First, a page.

These ordeals also emerge in slave narratives by women. Harriet Jacobs’ Incidents in the Life of a Slave Girl (1861) emphasizes such travails. A target of relentless sexual harassment by her much-older master, Jacobs laments, “When they told me my new-born babe was a girl, my heart was heavier than it had ever been before. Slavery is terrible for men; but it is far more terrible for women.”

Once emancipated, African American women still faced staggering impediments when pursuing educational, entrepreneurial and employment opportunities. Political participation meant restrictions on voting rights both as women and as people of colour. Racist caricatures impugned everything from a woman’s intelligence and moral capacity to her skin color, texture of hair and body shape. Stereotypes like the docile Mammy, the Tragic Mulatta, the clownish Topsy, the oversexed Jezebel, the greedy Welfare Queen, the amoral Hoodrat and the Mad Black Woman (still prevalent today) remain testaments to a history of disrespect and erasure.

Hurston’s tale symbolizes the enduring social struggles Black women have faced living in what feminist critic bell hooks has termed white supremacist capitalist patriarchy.

In addition to influential autobiographers like Maya Angelou, dramatists like Lorraine Hansberry and poets like Gwendolyn Brooks, fiction writers have consistently demonstrated how imaginative art can simultaneously inform, persuade, entertain, catalyze social change and address individual as well as collective concerns.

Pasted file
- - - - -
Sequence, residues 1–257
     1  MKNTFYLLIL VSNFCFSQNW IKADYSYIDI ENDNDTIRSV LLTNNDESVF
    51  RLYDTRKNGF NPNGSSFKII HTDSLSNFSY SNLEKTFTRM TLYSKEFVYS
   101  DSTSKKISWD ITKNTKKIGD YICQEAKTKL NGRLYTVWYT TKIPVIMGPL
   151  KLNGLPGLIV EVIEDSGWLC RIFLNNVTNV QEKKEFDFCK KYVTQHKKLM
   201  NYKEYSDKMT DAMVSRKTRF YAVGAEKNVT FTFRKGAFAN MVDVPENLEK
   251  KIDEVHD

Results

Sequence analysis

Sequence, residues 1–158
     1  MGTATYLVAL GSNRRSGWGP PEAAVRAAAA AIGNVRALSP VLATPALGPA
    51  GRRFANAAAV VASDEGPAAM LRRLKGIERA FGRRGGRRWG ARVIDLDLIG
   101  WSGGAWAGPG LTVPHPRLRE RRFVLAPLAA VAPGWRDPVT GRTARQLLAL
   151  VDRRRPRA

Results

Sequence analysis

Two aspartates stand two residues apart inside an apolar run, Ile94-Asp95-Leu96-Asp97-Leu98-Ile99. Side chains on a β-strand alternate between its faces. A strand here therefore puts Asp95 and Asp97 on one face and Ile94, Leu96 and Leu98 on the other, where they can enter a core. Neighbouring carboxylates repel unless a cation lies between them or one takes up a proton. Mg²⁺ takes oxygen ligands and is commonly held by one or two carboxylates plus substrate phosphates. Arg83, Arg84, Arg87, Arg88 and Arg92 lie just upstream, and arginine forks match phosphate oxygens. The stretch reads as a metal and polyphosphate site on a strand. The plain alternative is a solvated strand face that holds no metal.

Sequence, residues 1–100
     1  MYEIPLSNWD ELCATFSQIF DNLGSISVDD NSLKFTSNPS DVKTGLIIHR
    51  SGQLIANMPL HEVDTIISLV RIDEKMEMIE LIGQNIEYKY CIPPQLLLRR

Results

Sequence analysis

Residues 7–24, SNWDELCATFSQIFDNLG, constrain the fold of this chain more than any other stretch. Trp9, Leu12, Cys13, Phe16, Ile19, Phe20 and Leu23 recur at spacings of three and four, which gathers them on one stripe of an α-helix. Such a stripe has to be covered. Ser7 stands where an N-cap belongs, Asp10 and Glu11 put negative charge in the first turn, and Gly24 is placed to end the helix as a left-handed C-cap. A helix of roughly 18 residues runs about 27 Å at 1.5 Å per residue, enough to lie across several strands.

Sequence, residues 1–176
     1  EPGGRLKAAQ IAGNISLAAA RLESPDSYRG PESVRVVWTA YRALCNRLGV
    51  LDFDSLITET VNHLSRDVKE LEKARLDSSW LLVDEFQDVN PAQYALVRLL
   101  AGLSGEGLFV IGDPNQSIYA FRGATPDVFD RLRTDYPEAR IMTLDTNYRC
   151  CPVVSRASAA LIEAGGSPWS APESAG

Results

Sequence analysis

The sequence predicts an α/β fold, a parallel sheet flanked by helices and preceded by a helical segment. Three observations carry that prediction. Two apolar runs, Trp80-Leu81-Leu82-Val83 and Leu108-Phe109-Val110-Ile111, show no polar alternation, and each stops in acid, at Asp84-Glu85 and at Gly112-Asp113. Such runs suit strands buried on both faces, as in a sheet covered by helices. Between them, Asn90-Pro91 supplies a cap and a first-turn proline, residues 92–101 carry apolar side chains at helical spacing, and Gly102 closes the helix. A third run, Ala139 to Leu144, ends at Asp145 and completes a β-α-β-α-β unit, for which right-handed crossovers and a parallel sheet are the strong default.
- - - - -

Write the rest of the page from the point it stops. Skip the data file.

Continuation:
Here is a short list of pivotal texts by African American women from the past century. These writers are but a small sample of the artists and intellectuals whose output resisted the force of what contemporary feminist critic Moya Bailey has termed misogynoir, or the corrosive fusion of anti-Blackness and misogyny prevalent in popular culture today. These women have completed the groundwork — and hard work — of envisioning a more just, inclusive society going forward.

Quicksand (1928) and Passing (1929) by Nella Larsen

These novellas follow mixed-race women whose uneasy status on the colour line (including the lure of passing as white) complicates their lives in dangerous, even fatal ways. Passing is revolutionary for its depiction of homoerotic tension between two upper-middle-class Black women. Quicksand offers insight into the exoticization of African American women abroad and the contest between art and domesticity as viable avenues for a fulfilling life.


Their Eyes Were Watching God (1937) by Zora Neale Hurston

This story is the lyrical account of thrice-married Janie Crawford who finds a mature vision of love and fulfillment amid incessant gossip and a difficult family history. The all-Black township of Eatonville, Fla., and the rich “muck” of the Everglades contribute to a portrait of community health, daily striving and resolute self-awareness.


The Street (1946) by Ann Petry

This social realist novel follows single mother Lutie Johnson as she attempts to make a life for her young son in a predatory urban space. Weathering sexism, racism, classism, poverty and intense personal frustration, Lutie attempts to resist the brutality of the environment that gives the novel its loaded name.


The Bluest Eye (1970) by Toni Morrison

This book is a searing portrait of a young girl’s coming-of-age and eventual undoing in the years following the Great Depression. Tumultuous family dynamics, psychological trauma and incest, the quest for compassion and self-love, and the toxic myth of Black ugliness coalesce in this first novel by the Nobel Laureate and author of neo-slave narrative Beloved (1987).